John, thanks for that feedback. The complexity of the proprietary Camera Link interface and its specialized cables is often cited as a major reason why builders of machine vision systems look elsewhere for camera interface solutions. CoaXPress is certainly a majority contender to fill that need.
Another benefit not previously discussed is that CoaXPress can be used with simple, low-cost coaxial rotary joints. Camera Link, on the other hand, with its 26 conductors requires complex and costly slip-rings. This is of particular interest to the military, where the use of 360 degree rotating cameras is often required. Examples include gun turrets or for homeland security harbor surveillance.
William, that's a good question. It's not at all obvious, but "machine vision" usually refers to inspection during incoming materials/components, assembly, and manufacturing using computer vision technology. That said, the security area is another application for computer vision, but the requirements in terms of resolution and speed are much lower there than they are for product inspection. Even within product inspection, resolutions and speeds needed rfange widely, depending non whether the device under inspection (DUI) is a soda pop bottle or a semiconductor wafer.
The claimed speeds are very impressive, but the application in machine vision is a bit unclear to me. The immediate application that I can imagine is for recording vehicle crashes for vehicle safety development. That has been a big user of fast video recording for quite a while, and always looking for faster speeds. Of course, that area is less constrained by budgets, so it has not been the one to drive prices down. I suppose that really fast video would also be useful in other applications, but not always cost competitive.
Good questions, Alex and Beth. Since the standard was only finalized in March, and there are currently only a handful of companies making products, it's too soon to tell how fast the adoption rate will be or how widespread CoaXPress will become. It is expected to be very popular in geographic areas such as Asia, where there are a lot of analog cameras installed using coax cables. Promoters also expect it to be adopted by at least some first-time users. As in so many aspects of manufacturing systems, which standards are adopted, and what types of configurations are built, depend on many different factors.
Critiques of the protocol are also somewhat varied, depending on what it's being compared against. For example, promoters of both GigE/GigE Vision and Camera Link HS, the replacement for Camera Link, point out that CoaXPress, while serial, is not a point-to-multipoint protocol, something needed in the growing number of multi-camera systems to reduce cabling needs and speed data processing. Aside from those, additional critiques concern the protocol's SERDES topology, and start getting a bit esoteric.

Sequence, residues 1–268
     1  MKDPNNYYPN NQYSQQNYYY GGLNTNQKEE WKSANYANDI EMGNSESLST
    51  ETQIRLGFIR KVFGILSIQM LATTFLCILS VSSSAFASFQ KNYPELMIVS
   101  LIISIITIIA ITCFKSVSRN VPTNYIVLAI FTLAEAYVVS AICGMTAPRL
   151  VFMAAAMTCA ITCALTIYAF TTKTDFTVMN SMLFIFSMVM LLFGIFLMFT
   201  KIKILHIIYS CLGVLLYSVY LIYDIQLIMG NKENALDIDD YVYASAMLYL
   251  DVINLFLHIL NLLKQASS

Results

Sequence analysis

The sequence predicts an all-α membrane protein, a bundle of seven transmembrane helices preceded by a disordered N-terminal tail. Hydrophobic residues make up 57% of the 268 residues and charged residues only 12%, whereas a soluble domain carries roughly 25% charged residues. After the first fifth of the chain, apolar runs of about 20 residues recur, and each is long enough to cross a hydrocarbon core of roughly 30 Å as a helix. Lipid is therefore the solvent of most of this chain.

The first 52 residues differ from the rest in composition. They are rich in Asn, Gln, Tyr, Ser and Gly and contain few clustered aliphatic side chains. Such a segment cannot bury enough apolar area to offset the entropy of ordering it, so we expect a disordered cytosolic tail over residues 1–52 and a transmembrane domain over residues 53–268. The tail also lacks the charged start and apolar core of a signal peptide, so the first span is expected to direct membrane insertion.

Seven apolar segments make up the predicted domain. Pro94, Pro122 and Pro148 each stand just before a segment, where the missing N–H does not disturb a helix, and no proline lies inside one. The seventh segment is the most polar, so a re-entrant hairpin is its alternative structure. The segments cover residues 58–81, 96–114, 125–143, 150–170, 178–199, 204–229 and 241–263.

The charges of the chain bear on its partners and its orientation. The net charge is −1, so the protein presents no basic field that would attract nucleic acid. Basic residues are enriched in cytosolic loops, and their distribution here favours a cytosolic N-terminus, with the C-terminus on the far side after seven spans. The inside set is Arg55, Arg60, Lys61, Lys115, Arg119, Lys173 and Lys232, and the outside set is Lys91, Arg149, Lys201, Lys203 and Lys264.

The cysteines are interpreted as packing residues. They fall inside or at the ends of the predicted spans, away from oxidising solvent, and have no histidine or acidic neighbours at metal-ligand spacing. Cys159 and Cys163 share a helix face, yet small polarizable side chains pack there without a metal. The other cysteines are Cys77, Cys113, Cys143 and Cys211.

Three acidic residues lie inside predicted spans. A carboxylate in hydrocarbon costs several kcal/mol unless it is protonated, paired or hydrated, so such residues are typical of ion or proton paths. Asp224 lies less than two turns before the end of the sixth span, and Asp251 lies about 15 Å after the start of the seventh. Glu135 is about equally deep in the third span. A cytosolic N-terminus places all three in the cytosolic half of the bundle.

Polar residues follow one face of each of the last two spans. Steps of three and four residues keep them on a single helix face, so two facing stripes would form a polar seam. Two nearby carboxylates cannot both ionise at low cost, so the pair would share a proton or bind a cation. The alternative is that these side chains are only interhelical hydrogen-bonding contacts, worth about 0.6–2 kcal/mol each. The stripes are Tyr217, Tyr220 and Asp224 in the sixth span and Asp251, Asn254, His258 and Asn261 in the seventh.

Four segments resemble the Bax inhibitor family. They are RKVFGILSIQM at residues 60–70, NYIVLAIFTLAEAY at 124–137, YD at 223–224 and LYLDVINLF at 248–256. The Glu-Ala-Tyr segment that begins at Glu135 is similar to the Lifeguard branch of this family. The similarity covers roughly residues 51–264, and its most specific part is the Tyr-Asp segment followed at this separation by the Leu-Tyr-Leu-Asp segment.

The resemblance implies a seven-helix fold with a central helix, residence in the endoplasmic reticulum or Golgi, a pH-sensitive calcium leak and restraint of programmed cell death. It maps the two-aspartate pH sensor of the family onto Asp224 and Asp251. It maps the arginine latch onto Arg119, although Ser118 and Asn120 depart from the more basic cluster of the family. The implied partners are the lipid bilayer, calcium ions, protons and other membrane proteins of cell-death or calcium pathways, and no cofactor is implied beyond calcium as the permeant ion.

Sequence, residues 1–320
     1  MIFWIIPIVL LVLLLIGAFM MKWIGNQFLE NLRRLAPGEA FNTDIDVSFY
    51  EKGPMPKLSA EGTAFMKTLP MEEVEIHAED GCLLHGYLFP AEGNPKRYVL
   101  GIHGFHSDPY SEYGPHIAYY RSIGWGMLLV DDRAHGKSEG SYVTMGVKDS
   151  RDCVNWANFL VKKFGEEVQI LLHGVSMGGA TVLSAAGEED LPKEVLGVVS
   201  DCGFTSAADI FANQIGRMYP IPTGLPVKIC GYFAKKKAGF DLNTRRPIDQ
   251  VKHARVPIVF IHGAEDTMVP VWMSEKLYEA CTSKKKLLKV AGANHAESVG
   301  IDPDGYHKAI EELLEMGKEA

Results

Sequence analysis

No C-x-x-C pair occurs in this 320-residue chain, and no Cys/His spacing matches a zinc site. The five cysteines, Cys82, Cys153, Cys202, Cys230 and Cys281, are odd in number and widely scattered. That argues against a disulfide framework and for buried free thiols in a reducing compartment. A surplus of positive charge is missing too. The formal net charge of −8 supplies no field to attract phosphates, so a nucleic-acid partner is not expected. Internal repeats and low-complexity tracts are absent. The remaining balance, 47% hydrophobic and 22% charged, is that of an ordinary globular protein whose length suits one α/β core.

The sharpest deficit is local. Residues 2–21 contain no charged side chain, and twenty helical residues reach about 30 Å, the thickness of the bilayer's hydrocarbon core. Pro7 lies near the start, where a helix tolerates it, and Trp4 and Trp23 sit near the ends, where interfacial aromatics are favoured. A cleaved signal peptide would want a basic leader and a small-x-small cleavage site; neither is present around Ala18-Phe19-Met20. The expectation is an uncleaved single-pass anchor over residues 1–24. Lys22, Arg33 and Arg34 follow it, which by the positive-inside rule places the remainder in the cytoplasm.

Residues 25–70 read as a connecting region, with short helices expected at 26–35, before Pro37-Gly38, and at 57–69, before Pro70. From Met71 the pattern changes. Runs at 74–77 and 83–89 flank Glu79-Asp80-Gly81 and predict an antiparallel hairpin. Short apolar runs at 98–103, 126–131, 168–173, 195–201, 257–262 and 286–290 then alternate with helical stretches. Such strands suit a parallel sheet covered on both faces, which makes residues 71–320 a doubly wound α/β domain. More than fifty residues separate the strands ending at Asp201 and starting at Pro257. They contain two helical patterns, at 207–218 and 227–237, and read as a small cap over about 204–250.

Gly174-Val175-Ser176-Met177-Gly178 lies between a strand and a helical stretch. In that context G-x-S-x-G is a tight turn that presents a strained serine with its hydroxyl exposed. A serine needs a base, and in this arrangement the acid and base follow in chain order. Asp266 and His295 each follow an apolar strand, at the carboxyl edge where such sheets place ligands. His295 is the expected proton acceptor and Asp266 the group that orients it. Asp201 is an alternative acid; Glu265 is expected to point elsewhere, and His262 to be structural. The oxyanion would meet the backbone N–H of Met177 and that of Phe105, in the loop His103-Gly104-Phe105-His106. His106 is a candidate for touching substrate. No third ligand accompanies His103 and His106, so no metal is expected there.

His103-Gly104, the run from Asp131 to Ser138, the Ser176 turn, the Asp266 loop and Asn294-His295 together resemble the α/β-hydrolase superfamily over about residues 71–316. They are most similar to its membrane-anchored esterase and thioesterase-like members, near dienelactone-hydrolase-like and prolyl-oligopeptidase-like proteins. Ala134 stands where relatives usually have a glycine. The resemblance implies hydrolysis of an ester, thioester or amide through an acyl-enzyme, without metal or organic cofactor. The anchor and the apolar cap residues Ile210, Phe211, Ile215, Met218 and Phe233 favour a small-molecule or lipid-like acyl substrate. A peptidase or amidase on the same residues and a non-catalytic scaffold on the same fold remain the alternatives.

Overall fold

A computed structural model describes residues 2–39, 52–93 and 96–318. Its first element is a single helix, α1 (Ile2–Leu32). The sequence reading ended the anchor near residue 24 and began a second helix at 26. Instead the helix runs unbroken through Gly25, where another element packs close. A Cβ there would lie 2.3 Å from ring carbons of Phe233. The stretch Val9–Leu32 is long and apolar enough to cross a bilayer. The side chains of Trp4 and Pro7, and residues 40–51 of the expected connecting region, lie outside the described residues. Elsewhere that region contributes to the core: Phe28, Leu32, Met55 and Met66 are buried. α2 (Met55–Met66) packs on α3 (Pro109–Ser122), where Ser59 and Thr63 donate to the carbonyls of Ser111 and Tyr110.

How widely deployed is CoaXPress at this point among machine vision vendors, and what is the competitive spin/marketing angle that those vendors who aren't adopting it are using to push back against it?
Good questions, Beth. Yes, twice the per-cable speeds over cheaper cabling are some of the main benefits compared to the industry veteran, Camera Link. Camera Link requires its own special type of cabling which is pretty pricey compared to the ubiquitous coax. But there's another. CoaXPress cabling can carry that twice-as-fast signal 45 meters vs Camera Link's 10 meters before a repeater is needed.
So the benefit of the CoaXPress interface is better bandwidth and the ability to run over older cabling? For engineers designing machine vision systems, what kind of benefits does this bring to their applications--faster speeds at less reconfiguration expense? Any thing beyond that?
The company says it anticipates high-definition video for home security and other uses will be the next mature technology integrated into the IoT domain, hence the introduction of its MatrixCam devkit.
Siemens and Georgia Institute of Technology are partnering to address limitations in the current additive manufacturing design-to-production chain in an applied research project as part of the federally backed America Makes program.
Most of the new 3D printers and 3D printing technologies in this crop are breaking some boundaries, whether it's build volume-per-dollar ratios, multimaterials printing techniques, or new materials types.
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